USD - The US returns from the Thanksgiving holiday with early reports suggesting that Black Friday, the busiest shopping day of the year, proved robust. According to ShopperTraK, sales rose an estimated 6.6% to total of $52.4 billion on Black Friday, providing another sign that the US economy is holding up relatively well. There is a heavy data scheduled this week. Nevertheless, this week's trading is likely to be centered on the Eurozone's sovereign debt problems, with the euro remaining under pressure versus the dollar and yen as a result. This morning new home sales were reported slightly up at 307K or 1.3% MoM. ISM manufacturing is expected to rise slightly to 52 in November (consensus 51.5) from 50.8 in October. GDP growth expected at 2.5-3% in Q4 also points to a higher ISM reading. Non-farm payrolls are expected to continue to show decent increases as employment indicators have pointed to an improvement recently (ISM manufacturing and service, jobless claims). Expect a rise in total payrolls of 115k (consensus 120k) and in private payrolls of 135k (consensus 145k). The unemployment rate is likely to stay unchanged at 9.0% after falling in October to 9.0% from 9.1%. Other indicators of interest next week will be house prices, Chicago PMI and vehicle sales. Concerns about the Eurozone and the currency are intensifying as yields on Eurozone bonds continue to spiral upwards. With support at $1.325 giving way on Friday, $1.3145 is seen as the next big hurdle for EUR/USD. Key events that could shape market sentiment include meetings of EU finance ministers that will take place on Tuesday and Wednesday.
EUR - The euro rebounded from last Friday's 7-week lows vs. the dollar after improved Black Friday sales in the US lifted optimism in global markets. The single currency rose to highs at $1.3398, rebounding from Friday's lows at $1.3210 in holiday thinned trading. Italy is the latest country to come under pressure after yields on 10-year bonds rose to 7.3% last week, prompting rumors of an IMF rescue which was subsequently denied by the IMF. Italy's funding costs are now at the same levels that forced Greece, Ireland and Portugal to seek international bailouts. Despite this, pressure on the euro has abated temporarily on optimism following better retail sales kicking off the crucial holiday shopping period in the US and hopes Europe can arrive at a solution to tackle its difficulties. Markets will continue to watch for hopeful signs of progress in the Eurozone with risks for the euro continuing to the downside if progress is not achieved.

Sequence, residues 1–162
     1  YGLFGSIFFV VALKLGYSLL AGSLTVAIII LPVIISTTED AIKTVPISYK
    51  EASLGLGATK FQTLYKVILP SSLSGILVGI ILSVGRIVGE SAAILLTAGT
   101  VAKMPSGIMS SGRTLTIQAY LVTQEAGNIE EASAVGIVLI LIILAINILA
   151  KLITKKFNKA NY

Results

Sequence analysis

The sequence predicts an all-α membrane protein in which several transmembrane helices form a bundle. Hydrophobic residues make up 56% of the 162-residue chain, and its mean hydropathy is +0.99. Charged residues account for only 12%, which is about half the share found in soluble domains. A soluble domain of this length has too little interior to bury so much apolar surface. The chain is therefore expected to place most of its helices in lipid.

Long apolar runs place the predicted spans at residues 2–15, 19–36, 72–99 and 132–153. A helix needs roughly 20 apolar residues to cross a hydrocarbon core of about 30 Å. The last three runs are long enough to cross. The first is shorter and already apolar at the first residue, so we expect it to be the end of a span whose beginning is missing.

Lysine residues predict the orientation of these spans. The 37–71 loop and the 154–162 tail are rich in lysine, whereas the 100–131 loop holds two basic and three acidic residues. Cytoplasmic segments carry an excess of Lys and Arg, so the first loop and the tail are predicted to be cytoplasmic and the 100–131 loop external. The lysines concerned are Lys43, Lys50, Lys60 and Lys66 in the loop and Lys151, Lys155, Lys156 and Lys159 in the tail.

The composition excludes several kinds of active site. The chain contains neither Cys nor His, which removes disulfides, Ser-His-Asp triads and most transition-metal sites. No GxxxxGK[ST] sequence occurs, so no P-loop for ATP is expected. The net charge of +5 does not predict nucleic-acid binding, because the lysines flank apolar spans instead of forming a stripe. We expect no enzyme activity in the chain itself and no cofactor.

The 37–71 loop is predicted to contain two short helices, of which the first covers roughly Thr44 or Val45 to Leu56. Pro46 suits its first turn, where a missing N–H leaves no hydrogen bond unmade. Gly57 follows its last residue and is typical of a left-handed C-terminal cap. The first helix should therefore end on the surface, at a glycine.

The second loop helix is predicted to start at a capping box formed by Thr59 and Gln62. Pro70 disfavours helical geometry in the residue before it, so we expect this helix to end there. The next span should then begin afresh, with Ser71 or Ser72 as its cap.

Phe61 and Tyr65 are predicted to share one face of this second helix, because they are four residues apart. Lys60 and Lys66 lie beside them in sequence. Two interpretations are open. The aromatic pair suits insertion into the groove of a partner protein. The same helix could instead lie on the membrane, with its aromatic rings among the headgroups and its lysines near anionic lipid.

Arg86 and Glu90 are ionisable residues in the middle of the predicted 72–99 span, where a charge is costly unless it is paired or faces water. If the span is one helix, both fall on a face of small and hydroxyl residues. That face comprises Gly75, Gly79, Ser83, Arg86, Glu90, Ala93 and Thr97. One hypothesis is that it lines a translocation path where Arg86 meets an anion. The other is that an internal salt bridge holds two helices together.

GBP - The pound weakened versus higher yielding peers after data showed U.K. house prices dropped last month and the British Chambers of Commerce cut its economic-growth forecasts. It is anticipated that Chancellor of the Exchequer George Osborne will present tomorrow forecasts to Parliament showing greater than expected budget shortfalls and a cut in growth estimates. This comes on the heels of last week's announcement by the BoE stating that the threat of the euro-area debt crisis on the U.K. economy has increased - with the potential for an increase in stimulus necessary to support the economy.
JPY - USD/JPY is unchanged since Friday's close and hovering at the mid?point of November's tight trading range. Last week there was increased focus on the sustainability of Japan's debt burden. The focus came mainly from an IMF report that noted the risk of rising yields, falling confidence and a weak economy. However, with 93% of its debt held domestically, Japan should be able to maintain its debt statistics (220% of GDP) with relative ease. For now, expect USD/JPY to continue to trade within its tight November range.
CAD - After reaching a seven?week low last Friday, the loonie has retraced most of last week's losses, and is up 1.5%. With the exception of a temporary spike in risk aversion which would drive CAD weakness, the outlook for CAD remains strong. The simple question is, on a relative basis where are global investors going to invest? Canada should fare relatively well and this should in?turn support the currency. Accordingly USD/CAD may close 2012 below par. In the near?term, support for USD/CAD lies at 1.0270. As to economic releases, the highlight for Canada this week will be Wednesday's GDP (cons 0.3%m/m) and Friday's employment data (cons. 17k).
MXN - The Mexican peso recovered at the start of this week, rising the most in a month vs. the USD after record Thanksgiving sales boosted optimism for exports from Latin America's second-biggest economy. US retail sales increased by $11.4 billion during the US holiday weekend, while Mexican exports increased by $1.27 billion in October from September to $30 billion according research. Mexico exports 80% to the US so positive US retail sales number is very bullish for the peso. However, with EU debt crisis still in the backdrop, the peso's gains may be temporary.
AUD - The AUD advanced as much as 1.8% overnight against the dollar, the most in four weeks. This move higher follows a week in which the AUD declined 3%. This week is very light on data in Australia, so look for the AUD to remain under pressure in the near term on waning investor risk appetite and as expectations grow that the RBA will lower interest rates in the coming months.